Brian Z. Tamanaha, a professor of law at Washington University in St. Louis and author of Failing Law Schools (University of Chicago Press), agreed. "We know that law schools will do whatever they can to improve their ranking," he said via email. "This new ranking will have the same consequence, prompting law schools to maximize this specific set of narrow metrics. Law schools already prioritize research, and allocate substantial resources to its production, too much as it is in my opinion, and this will likely make it worse."

Robert Morse, chief data strategist at U.S. News, defended the idea of starting a new ranking. He sent this statement: "U.S. News is going to emphasize scholarly impact by using different indicators that measure citations, not volume. U.S. News has been looking for ways to measure faculty quality at law schools, and analyzing scholarly impact in legal academia is a widely accepted measure. Prospective students are looking for schools with the highest quality law school faculty who are making an impact in legal academia and the law. This analysis would provide students with important information to make such comparisons."

Derek Muller (Pepperdine), Will Goodhart's Law Come to USNWR's Hein-Based Citation Metrics?:

Economist Charles Goodhart has an old saying attributed to him: “When a measure becomes a target, it ceases to be a good measure.” In the office setting, or in government, or anywhere, really, if you identify a measure as a target, people begin to behave in a way to maximize the value of that measure, and the measure loses its value—because it’s no longer accurately measuring what we hoped it would measure. ...

In the future, it may (this is an open question, so let’s not freak out too quickly yet!) be used in the overall rankings. On the whole, it may well be a good change (but I imagine many will disagree even on this hesitant claim!). Rather than the subjective, perhaps too sticky, assessments of faculty voting, this provides an objective (yes, even if imperfect!) metric of faculty productivity and influence. In the event that it used in the overall score in the future, it is one more small component of an overall ranking, it strikes me as appropriate. ...

I’m more concerned with this Goodhart principle: once we start measuring it, what impact might it have on faculty behavior? A few come to mind.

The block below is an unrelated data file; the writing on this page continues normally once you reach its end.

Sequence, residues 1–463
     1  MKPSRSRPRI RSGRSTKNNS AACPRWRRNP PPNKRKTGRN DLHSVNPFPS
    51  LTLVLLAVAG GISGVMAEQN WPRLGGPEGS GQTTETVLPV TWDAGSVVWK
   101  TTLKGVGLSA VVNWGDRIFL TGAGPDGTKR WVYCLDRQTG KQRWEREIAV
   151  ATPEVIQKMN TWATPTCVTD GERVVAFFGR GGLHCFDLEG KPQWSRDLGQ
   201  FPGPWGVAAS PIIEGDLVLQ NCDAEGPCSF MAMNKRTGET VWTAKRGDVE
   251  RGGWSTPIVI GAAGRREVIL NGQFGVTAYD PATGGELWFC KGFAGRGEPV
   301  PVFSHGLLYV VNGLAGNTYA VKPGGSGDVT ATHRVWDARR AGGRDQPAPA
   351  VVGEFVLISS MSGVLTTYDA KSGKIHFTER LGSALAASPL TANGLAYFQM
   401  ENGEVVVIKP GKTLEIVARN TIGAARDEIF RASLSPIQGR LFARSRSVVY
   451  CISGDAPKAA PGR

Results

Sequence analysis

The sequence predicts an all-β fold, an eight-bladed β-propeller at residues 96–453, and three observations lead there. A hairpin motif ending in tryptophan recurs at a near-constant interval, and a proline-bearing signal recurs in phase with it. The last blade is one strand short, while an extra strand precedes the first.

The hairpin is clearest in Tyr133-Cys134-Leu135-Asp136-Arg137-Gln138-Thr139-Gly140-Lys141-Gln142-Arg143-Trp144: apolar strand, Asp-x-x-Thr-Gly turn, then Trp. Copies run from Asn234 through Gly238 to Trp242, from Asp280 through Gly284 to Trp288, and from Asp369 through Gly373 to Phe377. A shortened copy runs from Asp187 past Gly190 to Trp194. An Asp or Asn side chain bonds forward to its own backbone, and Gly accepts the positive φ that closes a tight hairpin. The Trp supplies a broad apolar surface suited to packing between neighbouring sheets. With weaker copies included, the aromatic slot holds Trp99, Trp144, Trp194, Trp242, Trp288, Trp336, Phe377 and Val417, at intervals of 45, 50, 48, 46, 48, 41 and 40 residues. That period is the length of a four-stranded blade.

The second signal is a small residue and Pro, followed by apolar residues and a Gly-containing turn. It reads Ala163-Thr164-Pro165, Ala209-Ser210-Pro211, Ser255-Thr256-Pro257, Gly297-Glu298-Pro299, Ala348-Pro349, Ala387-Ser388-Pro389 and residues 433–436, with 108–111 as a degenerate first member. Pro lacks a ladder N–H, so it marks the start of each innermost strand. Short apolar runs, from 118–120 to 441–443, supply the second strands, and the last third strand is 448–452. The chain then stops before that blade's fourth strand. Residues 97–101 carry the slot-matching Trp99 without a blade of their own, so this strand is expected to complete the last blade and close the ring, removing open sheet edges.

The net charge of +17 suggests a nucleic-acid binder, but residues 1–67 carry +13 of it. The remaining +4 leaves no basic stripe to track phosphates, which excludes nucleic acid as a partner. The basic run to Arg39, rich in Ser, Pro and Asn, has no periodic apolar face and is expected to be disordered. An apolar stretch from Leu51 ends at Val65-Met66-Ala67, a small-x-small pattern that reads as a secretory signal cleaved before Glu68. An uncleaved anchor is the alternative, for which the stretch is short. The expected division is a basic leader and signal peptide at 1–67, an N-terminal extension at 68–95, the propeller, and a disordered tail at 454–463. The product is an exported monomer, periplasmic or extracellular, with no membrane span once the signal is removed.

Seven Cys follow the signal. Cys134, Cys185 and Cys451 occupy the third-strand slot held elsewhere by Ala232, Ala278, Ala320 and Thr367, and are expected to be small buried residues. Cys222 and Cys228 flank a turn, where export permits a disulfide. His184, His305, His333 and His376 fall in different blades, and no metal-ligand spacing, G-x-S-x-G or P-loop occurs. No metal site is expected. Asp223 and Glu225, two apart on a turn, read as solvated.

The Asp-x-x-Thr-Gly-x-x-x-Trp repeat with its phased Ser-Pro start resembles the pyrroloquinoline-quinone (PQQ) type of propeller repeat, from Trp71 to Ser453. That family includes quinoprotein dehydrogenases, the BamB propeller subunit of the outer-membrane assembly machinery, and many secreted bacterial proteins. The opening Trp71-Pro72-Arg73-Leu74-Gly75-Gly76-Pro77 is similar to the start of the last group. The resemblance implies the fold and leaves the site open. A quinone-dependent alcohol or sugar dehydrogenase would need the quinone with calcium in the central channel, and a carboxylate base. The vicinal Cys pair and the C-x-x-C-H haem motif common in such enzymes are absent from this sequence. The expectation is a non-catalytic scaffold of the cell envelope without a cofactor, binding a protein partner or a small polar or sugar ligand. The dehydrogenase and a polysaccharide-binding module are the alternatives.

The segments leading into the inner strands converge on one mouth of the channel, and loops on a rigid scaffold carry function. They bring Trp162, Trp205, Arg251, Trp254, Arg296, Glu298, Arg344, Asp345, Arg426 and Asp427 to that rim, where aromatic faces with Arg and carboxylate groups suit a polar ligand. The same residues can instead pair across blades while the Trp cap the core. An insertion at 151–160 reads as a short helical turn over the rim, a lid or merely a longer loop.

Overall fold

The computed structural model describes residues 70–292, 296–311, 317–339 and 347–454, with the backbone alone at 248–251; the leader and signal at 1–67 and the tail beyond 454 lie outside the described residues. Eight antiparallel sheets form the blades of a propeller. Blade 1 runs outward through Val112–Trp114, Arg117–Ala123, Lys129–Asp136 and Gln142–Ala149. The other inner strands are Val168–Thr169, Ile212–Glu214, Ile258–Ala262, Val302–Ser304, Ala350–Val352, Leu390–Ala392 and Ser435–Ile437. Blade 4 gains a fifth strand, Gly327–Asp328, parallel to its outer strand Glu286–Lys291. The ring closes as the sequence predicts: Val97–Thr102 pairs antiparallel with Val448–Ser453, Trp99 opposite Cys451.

The temptation to recast senior would-be emeritus faculty with sufficient scholarly output as still full-time faculty members, among other ways of trying to recategorize faculty. Perhaps these are marginal changes that all schools will simultaneously engage in, and the results will wash out.

There is a risk of creating inflated or bogus citations. This is a much more realistic risk. Self-citations are ways that scholars might try to overstate their own impact. Men tend to self-cite at disproportionately higher rates than women. Journals that have excessive self-citations are sometimes punished in impact factor rankings. Pressure to place pieces in home institution journals may increase. ...

It will be much easier for schools to “game” the median citations—finding the single faculty member in the middle, and trying to climb the ladder that way. Median is probably a better metric, in my view (because mean can disproportionately be exaggerated by an outlying faculty member), but it also more likely to be susceptible to Goodhart’s Law. Mean citations would be a tougher thing to move as dramatically or with such precision.

Scott Fruehwald (Legal Skills Prof Blog), A Letter to Robert Morse at U.S. News:

Robert Morse. Your proposal to only include tenured and tenure-track professors in your scholarly rankings is an insult to the many full-time, non-tenure track professors who are vital parts of law school faculties. Legal writing professors and clinicians are an essential part of all law faculties. If you bothered to do a little research (ssrn and google), you would discover that these full-time faculty members are also scholars who have made important advancements in legal scholarship. In particular, they publish more articles on legal education than any other group. They also publish articles on constitutional law, rhetoric, procedure, contracts, and all other legal fields. I hope you will correct this mistake.

P.S.  Mr. Morse: This former legal writing prof's SSRN page lists over 17,000 downloads.   Many others in the clinical and legal writings fields also have thousands of downloads on SSRN.